Check out BLM job postings, there are many positions (most) that get employees outdoors for a majority of the work week. My father is an office manager for the local office here and he's outside weekly for the most random job tasks. On Monday he was paid to hike out to the Little Hatchet mtns in the bootheel of NM to check on a remote wildlife camera and check conditions on a water tank. Some weeks he is gone on wilderness fire fighting duties, other weeks they're tagging big horn sheep along the border, or riding ATVs out in the desert aiding in nonnative plant species eradication….the list goes on.
I've been looking for entry level job opportunities with them. The pay probably isn't as substantial as IT, but its not too difficult to make due with "very little".Nov 9, 2011 at 11:21 am #1800101
@glacierramblerLocale: NW Montana
Would you consider something like education? I know that teaching isn't outside, but then there are those two months of recovery you get in the summer.
While the pay isn't great, if you have a spouse to supplement your income, it can work with careful planning and budgeting. That, and it's really, really hard to do a good job teaching unwilling minds.
If you're interested at all, I'll gladly tell you more.Nov 11, 2011 at 5:52 am #1800712
I would consider education. As a matter of fact, I am considering returning to school to get a Master's, PhD in biology or a closely related field to pursue college teaching as an option.
On that note, I am also considering getting a second bachelor's in environmental engineering, however I am concerned that I would face age discrimination in competing with relatively younger individuals for jobs. Actually, I'm already starting to experience age discrimination.Nov 23, 2011 at 3:52 pm #1804940
@freelancerLocale: South Florida
I went back to school a couple of years ago and now, at almost 36 years old, I will be graduating late next summer. My AA will be in sociology. I had originally intended to go into the Peace Corps or other non-profit, but I am seeing how difficult it will be to get in there, even if I had a Bachelor's. Also, I am strongly reconsidering my field as a few isolated factors recently have made me shift to the outdoors again as my main interest – in fact, it feels like this is where I've belonged all this time, looking back on my life. An epiphany, maybe, but a late one.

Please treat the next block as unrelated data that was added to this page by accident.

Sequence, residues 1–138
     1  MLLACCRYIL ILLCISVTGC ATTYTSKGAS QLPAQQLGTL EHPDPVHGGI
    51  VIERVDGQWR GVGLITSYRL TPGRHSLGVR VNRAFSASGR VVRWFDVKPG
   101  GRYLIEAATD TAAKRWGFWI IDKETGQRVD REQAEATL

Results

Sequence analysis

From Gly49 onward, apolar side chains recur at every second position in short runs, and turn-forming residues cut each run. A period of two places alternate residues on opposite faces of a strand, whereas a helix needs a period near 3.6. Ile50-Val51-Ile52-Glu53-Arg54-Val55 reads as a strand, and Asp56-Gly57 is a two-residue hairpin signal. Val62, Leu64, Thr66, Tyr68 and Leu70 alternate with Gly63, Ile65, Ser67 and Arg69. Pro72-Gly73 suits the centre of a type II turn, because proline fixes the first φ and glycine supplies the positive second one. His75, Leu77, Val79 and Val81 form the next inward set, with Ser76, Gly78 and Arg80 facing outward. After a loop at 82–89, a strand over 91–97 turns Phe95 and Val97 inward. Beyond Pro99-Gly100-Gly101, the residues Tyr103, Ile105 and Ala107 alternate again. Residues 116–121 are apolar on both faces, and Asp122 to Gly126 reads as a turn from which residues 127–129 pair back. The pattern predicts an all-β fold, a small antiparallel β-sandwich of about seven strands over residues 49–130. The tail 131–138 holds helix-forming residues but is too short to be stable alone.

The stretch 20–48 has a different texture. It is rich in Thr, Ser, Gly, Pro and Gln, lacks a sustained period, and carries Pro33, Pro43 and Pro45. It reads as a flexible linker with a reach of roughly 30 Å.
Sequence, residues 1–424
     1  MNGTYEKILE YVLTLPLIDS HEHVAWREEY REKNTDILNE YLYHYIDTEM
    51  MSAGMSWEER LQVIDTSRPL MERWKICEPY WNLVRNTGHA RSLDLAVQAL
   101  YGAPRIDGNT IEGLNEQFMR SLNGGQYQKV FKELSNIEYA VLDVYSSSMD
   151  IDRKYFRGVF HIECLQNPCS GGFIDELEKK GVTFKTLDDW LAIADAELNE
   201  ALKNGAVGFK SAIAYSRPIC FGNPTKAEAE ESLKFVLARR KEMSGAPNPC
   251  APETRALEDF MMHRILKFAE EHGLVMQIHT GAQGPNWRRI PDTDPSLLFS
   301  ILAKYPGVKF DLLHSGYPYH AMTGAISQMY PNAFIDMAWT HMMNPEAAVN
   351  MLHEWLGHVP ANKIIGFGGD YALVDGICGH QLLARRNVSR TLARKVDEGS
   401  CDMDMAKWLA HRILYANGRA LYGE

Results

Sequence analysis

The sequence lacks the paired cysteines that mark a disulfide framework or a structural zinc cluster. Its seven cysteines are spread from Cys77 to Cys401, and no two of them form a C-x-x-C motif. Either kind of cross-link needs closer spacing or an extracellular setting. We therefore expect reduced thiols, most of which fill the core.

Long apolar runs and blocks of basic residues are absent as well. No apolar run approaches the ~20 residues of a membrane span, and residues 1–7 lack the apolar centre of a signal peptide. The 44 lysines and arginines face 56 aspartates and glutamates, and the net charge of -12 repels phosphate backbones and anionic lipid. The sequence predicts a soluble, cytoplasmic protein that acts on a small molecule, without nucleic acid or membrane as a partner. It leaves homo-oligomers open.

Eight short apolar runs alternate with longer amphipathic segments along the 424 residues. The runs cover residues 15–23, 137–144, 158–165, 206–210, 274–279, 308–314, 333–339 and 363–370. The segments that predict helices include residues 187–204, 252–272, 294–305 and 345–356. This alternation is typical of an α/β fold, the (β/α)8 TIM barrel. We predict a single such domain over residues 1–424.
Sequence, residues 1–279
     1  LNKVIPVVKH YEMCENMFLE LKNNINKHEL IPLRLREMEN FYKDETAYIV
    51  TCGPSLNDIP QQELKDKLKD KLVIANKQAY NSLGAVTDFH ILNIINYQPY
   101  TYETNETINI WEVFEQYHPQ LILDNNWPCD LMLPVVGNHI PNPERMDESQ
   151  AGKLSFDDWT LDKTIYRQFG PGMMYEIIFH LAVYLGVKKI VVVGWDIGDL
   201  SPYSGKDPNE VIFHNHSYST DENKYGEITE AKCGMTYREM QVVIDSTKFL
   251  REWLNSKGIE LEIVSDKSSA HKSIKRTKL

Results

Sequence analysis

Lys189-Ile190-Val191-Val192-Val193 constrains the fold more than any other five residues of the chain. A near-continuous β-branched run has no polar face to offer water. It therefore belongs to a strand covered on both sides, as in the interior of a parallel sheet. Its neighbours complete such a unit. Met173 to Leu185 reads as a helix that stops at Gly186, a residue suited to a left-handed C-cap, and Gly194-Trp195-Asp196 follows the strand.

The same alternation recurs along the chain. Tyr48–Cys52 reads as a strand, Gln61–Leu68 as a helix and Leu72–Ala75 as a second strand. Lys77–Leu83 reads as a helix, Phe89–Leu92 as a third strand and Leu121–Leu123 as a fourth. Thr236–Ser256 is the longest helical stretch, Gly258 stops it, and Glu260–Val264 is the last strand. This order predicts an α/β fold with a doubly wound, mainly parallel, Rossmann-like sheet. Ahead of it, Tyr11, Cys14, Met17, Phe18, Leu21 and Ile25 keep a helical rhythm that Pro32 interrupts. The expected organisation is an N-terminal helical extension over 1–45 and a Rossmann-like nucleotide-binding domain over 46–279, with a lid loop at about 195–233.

I'm not sure what to do. I'm looking into FWC jobs and am more than willing to relocate (not a fan of South Florida, though I was born here). I was speaking to an officer last weekend, and he said that my best bet would be work as a seasonal employee, but that I had to live simply as the pay is usually around $35K for 6 months. Ha! I make $30K now for the whole year at a dead-end job working on marine hydraulics.
My real dream, of course, would be to find steady work as a freelance wildlife photographer. Steve Bloom is highly successful and he did it at around the same age or older, switching from another career. I'd have to be out there a lot more than I am now, shooting and shooting and hoping someone picks up on my work. But that's not a definite, and at this stage I think I need something more concrete. Combining my AA background with nature – humans in relation to the wilderness – may have possibilities, but I have just started thinking along these lines so have a lot more research to do.
Please excuse the rambling… This thread caught my eye for obvious reasons.Nov 29, 2011 at 10:35 am #1806729
@glacierramblerLocale: NW Montana
Chris, I'm sorry that it's taken me over two weeks to respond. My wife's family was in town, then we were out of town for the holidays, and then I picked up a bug in the airport and have been recovering for the past few days. Hopefully, though, this will help you some, especially after the long wait!
When I mentioned education, I had public school in mind, not necessarily higher-ed. So if this isn't what you are interested in, feel free to ignore most of the rest of this post. If it can't help you, then maybe it can help someone else.